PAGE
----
The California Current Ecosystem (CCE) is a dynamic marine ecosystem from which many socioeconomically important fisheries species are harvested. In this thesis, a genotyping-by-sequencing (GBS) approach was used to examine genomic variation in an early life stage of the Dungeness crab (Cancer magister), which constitutes the most valuable single-species commercial fishery in the CCE. Previous population genetic studies of adult benthic stage Dungeness crab are expanded upon through genomic examination of the last pelagic larval stage of the species life history, the megalopae. Variation in abundance and timing of megalopae recruitment has been extensively studied for over two decades in Coos Bay, Oregon, and has been found to vary with ocean conditions. The aim of this fine-scale temporal and spatial genomic analyses of megalopae recruits was to better understand how ocean conditions influence larval transport and the ultimate population connectivity of the Dungeness crab within and between the marine ecosystems along the west coast of North America: the California Current Ecosystem (CCE), the Salish Sea Ecosystem (SSE), and the Gulf of Alaska Ecosystem (GOA). Using the same genomic methods across two studies, over 1,000 presumably neutral loci and two putatively adaptive loci were identified within each study. Genetic differences among Dungeness crab megalopae recruits were not detected based on presumably neutral loci across three years (2014, 2017, and 2018), and this finding was consistent across two sites along the Oregon coast (Coos Bay and Yaquina Bay). However, evidence was found for intra-annual genetic differences based on putatively adaptive loci. Moreover, the magnitude of intra-annual genetic differentiation based on putatively adaptive loci (quantified by FST estimates) differed between years (greater in 2017). The observed intra- and inter-annual genetic differentiation among megalopae recruits supports the current understanding that variation in CCE ocean conditions influence the larval dispersal and, ultimately, the population connectivity of Dungeness crab. Population connectivity within and between marine ecosystems is important to examine when considering how future changes in ocean conditions may impact fishery harvests.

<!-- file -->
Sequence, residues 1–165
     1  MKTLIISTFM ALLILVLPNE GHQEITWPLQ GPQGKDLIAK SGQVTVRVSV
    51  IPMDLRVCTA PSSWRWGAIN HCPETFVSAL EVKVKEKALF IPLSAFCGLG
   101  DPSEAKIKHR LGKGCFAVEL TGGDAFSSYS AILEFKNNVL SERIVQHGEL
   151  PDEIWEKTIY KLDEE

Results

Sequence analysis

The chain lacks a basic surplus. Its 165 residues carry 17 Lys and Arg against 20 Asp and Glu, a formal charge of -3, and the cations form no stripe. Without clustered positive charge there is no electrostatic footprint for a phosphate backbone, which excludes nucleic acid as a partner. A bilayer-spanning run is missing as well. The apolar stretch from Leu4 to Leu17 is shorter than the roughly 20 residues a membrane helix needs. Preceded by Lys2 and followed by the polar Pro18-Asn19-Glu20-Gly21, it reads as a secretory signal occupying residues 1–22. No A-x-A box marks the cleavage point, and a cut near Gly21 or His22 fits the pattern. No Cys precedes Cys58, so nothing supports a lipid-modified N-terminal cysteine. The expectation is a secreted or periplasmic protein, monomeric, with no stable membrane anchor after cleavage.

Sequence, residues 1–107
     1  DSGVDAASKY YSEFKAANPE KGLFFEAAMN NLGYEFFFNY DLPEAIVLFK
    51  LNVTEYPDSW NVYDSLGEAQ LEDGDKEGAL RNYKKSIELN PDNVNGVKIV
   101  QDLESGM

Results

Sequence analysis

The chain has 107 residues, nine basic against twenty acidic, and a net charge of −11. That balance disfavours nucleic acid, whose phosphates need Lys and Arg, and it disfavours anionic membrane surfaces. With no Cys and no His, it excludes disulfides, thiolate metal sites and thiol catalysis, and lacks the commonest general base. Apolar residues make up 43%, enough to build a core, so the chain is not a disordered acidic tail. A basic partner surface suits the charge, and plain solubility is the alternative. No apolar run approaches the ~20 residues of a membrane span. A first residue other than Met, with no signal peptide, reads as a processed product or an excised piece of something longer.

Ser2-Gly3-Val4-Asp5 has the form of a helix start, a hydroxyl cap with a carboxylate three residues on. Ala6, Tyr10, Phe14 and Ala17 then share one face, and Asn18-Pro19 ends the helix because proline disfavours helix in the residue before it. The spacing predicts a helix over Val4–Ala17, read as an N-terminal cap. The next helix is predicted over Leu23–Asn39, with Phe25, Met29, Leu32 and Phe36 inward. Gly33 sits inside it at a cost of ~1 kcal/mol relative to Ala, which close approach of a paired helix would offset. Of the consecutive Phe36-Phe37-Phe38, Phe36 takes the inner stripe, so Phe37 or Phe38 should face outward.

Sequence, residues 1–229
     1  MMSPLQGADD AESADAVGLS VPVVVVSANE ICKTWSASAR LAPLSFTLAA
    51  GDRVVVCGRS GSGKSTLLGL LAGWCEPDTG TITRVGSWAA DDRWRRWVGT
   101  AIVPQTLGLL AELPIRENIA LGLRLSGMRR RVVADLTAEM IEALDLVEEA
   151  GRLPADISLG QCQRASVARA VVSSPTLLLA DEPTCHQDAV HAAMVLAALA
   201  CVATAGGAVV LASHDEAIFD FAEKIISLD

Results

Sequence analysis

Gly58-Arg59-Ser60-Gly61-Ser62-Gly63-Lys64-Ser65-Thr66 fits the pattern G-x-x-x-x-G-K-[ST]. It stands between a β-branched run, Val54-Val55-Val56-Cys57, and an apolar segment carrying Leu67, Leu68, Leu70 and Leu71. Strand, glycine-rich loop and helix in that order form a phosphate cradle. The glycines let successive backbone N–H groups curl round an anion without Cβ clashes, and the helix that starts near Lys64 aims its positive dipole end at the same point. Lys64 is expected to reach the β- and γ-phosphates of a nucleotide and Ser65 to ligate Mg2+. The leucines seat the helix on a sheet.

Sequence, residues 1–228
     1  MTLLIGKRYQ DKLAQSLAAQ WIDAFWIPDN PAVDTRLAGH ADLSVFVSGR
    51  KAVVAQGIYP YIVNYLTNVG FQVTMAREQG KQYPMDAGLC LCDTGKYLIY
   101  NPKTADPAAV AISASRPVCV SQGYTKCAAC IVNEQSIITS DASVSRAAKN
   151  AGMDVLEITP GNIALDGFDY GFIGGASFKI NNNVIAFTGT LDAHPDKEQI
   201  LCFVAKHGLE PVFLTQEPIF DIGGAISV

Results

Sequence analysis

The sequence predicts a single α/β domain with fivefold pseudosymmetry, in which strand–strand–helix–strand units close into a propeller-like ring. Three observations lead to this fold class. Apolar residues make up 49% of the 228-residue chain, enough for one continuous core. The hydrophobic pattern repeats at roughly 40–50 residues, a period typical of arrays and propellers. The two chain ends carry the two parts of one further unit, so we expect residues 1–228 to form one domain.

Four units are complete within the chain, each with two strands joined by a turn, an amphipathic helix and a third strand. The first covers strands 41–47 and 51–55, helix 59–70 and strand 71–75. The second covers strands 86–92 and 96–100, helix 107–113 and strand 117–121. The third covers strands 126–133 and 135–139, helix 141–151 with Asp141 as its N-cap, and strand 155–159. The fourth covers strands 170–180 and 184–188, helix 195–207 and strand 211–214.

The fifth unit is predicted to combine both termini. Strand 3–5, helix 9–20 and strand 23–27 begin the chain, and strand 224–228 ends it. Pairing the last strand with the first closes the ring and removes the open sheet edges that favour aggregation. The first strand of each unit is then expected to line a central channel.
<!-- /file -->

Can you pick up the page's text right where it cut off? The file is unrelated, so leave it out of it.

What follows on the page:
Lee, E.M.J. (2019). Big Fishery, Big Data, and Little Crabs: Using a Genomic Approach to Examine Larval Recruitment Patterns of Dungeness Crab (Cancer magister) in the California Current Ecosystem (Master's thesis).